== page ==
In conclusion, until now, there have been few studies analyzing the performance of rain event detection methods on large data sets. Overeem et al. (2016b) tested the nearby link approach using 2044 CMLs distributed over the Netherlands with a temporal coverage of 2.5 years of data. Graf et al. (2020) extended the RSD method and applied it to 1 year of data from 3904 CMLs to set a benchmark performance on the same data set used in this study. By optimizing thresholds for individual CMLs, the full potential of the RSD method for 1 year of data was explored, yielding good results for the warm season with liquid precipitation. While the RSD method is simple to implement and has only two parameters (window length and threshold) to optimize, it is limited to measuring the amount of fluctuations rather than the specific pattern. More room for optimization is expected using a data-driven approach, such as machine learning techniques for pattern recognition.
1.3 Data-driven optimization through deep learning
Deep learning is a rapidly evolving field that is becoming increasingly popular in the earth system sciences. A large field of application is remote sensing using artificial neural networks for image recognition (Zhu et al., 2017). Deep learning is also an established method in time series classification (Fawaz et al., 2019). In both studies, convolutional neural networks (CNNs) are considered one of the leading neural network architectures for image and time series classification. CNNs are inspired by the visual cortex of mammals, and they are designed to recognize objects or patterns, regardless of their location in images or time series (Fukushima, 1980). They are characterized by local connections of neurons, shared weights, and a large number of layers of neurons, involving pooling layers (LeCun et al., 2015). CNNs with one-dimensional input data (1D CNNs) have already been used for time series classification, e.g., for classifying environmental sounds (Piczak, 2015). This makes 1D CNNs a promising candidate for the task of rain event detection in CML signal levels.
1.4 Research gap and objectives
Due to the opportunistic use of CMLs, the variety of signal fluctuations and possible occurrences of errors naturally increase in a CML data set with its size. Separating rainy from nonrainy periods is therefore a crucial step for rainfall estimation from CMLs. Although applicable on a large scale, recently applied methods still struggle with falsely estimated rainfall as can be seen in the evaluations from Graf et al. (2020) and de Vos et al. (2019). Despite the amount of proposed methods, this processing step has not yet been investigated in detail using a large and diverse CML data set, especially for data-driven approaches. Given their promising results in other applications, the usage of artificial neural networks (ANNs) for rain event detection in the CML attenuation time series on a large scale provides a promising opportunity. It has been proven that in many cases ANNs allow for fast, robust, and high-performance processing of a variety of suitable data sets. What is missing is a proof that they are applicable to a large and diverse CML data set. The question is this: does a high variability of frequency, length, and spatial distribution of the analyzed CMLs or a high variability of rain rates and event duration for a large amount of analyzed periods affect the performance of ANNs in this specific case or not? Additionally, the effect of rain event detection performance on the estimated rain rates has yet to be investigated.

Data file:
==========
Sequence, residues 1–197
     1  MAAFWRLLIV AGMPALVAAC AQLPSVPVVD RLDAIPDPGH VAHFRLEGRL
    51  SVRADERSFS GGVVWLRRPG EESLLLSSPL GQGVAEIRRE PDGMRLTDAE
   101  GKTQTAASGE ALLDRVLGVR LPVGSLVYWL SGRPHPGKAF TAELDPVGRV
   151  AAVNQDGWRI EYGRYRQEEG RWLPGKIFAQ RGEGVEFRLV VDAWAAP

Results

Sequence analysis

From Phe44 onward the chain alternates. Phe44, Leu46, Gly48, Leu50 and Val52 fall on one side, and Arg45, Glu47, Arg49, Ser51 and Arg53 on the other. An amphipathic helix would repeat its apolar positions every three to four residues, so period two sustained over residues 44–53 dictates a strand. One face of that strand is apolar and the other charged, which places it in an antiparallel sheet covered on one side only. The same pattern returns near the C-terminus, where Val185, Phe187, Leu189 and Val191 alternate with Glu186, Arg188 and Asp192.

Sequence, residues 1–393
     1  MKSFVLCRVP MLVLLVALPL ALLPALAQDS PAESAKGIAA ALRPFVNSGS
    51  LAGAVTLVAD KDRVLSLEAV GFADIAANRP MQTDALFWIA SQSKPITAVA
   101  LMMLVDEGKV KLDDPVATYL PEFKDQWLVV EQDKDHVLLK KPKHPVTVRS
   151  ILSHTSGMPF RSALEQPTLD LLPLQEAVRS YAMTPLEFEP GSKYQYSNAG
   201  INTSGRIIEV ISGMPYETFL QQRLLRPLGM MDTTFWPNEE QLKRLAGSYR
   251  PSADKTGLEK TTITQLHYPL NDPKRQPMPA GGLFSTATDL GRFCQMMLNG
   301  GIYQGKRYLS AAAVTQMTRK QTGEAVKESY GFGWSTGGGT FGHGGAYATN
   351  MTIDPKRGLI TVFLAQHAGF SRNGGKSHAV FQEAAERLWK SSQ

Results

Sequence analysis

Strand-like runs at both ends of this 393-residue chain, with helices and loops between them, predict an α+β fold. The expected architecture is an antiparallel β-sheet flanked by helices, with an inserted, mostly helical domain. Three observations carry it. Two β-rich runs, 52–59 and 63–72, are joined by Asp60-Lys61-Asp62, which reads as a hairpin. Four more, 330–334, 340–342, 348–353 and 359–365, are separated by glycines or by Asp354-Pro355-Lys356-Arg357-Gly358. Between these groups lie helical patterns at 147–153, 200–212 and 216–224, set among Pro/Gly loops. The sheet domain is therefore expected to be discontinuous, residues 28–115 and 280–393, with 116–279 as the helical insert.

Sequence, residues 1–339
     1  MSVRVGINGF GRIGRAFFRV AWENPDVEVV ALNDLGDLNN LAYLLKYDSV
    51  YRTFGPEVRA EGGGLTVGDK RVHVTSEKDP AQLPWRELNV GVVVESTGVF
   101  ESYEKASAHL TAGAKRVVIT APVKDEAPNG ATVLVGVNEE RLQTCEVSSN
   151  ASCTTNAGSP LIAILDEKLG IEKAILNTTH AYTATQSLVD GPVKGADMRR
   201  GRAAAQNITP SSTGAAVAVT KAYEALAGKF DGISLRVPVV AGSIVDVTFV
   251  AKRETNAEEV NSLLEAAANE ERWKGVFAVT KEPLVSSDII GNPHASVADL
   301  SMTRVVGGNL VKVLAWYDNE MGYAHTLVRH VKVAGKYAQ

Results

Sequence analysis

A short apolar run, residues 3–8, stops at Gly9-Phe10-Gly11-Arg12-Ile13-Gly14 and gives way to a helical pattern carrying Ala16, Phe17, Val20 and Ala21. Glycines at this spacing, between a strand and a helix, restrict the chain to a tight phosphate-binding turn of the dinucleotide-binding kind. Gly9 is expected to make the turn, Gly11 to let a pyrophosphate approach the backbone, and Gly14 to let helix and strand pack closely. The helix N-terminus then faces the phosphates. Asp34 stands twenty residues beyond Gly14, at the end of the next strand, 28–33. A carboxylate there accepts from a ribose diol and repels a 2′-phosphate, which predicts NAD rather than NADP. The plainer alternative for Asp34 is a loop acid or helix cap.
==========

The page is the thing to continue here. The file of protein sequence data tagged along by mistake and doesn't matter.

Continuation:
The objective of this study is to evaluate the performance of 1D CNNs to detect rainfall-induced attenuation patterns in instantaneously measured CML signal levels and to investigate the effect of an improved temporal event localization on the CML-derived rainfall amounts. Furthermore, we test the CNN's ability to transfer its detection performance to new CMLs and future time periods in order to provide a validated open-source model that can be used on other data sets. To provide the CML community with comprehensible results, we compare the CNN to the method of Schleiss and Berne (2010), which we consider to be state of the art due to the amount of recent applications. We aim to provide a high statistical robustness of the derived performance measures by using the, to date, largest available CML data set consisting of data from 3904 CMLs distributed over all of Germany.